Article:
Due to this dearth of options, there has been a constant demand for our services and the students in the program are virtually assured a steady and somewhat diverse group of clients. The program design is simple, with the overriding goal of teaching students the basic skills that are needed adequately to diagnose and deal with a client's problems: the focus is on interviewing, counseling, problem solving, analysis, negotiation and decision making.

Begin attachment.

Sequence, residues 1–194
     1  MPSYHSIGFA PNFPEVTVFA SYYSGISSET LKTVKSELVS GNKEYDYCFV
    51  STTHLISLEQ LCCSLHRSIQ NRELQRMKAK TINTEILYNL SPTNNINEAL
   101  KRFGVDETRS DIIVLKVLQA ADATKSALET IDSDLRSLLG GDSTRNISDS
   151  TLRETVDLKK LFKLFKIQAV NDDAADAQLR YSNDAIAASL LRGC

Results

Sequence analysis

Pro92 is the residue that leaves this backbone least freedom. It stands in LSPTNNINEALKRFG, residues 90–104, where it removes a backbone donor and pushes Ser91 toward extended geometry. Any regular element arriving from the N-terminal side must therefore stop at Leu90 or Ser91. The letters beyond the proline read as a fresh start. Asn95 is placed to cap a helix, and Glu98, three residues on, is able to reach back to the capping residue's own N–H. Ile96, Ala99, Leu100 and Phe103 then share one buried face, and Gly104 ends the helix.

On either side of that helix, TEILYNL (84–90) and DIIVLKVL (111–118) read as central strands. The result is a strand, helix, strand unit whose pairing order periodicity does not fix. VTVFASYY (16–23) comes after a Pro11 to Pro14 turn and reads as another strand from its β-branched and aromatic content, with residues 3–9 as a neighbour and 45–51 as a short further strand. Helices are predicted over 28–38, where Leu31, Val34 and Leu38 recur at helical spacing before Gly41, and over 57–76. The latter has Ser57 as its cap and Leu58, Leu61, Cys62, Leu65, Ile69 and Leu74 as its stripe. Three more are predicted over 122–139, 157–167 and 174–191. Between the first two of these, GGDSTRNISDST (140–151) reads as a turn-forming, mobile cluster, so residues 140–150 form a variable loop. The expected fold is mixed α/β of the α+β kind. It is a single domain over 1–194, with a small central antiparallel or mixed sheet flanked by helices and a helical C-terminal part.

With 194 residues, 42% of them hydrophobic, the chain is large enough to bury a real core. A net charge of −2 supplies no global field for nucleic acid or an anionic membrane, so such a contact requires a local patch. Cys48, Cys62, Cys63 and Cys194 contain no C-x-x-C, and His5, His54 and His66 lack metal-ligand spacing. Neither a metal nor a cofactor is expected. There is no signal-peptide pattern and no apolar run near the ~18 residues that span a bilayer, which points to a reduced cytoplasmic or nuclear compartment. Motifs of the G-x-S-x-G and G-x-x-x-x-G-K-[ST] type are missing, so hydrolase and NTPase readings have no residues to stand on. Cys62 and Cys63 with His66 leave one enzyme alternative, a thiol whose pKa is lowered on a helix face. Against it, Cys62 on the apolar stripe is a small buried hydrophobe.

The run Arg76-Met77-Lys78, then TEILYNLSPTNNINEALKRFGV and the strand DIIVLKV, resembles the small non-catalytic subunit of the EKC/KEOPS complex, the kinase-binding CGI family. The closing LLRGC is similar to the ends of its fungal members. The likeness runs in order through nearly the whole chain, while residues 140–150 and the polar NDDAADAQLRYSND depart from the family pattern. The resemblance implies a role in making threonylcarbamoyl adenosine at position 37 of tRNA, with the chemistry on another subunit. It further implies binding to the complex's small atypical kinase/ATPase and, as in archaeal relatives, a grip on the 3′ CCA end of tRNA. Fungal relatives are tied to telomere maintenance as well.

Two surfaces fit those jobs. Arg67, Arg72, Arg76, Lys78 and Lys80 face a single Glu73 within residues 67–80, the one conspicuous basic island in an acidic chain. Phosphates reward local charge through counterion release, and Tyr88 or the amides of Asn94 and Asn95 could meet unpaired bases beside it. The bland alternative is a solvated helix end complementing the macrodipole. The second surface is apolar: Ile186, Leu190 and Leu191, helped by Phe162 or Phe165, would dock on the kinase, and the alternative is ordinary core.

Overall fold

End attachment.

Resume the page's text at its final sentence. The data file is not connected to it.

Why do I consider this an example of Preventive Law in action? There are several ways in which I think the precepts of Preventive Law come into play. First and most fundamentally, the purpose of the consultation is to determine whether the problem that the client is seeking help with is best addressed through the legal remedy of bankruptcy. (3) Second, assuming that there is a bankruptcy solution available, will it lead to other problems that may be more serious? Third, will the client's overall financial/debt situation be addressed by filing for bankruptcy, or will the situation be recurring? Finally, assuming that a bankruptcy solution is appropriate, it is in itself a preventive law measure. These are the primary issues that the program stresses in our training and representation, and I will discuss each of them in turn.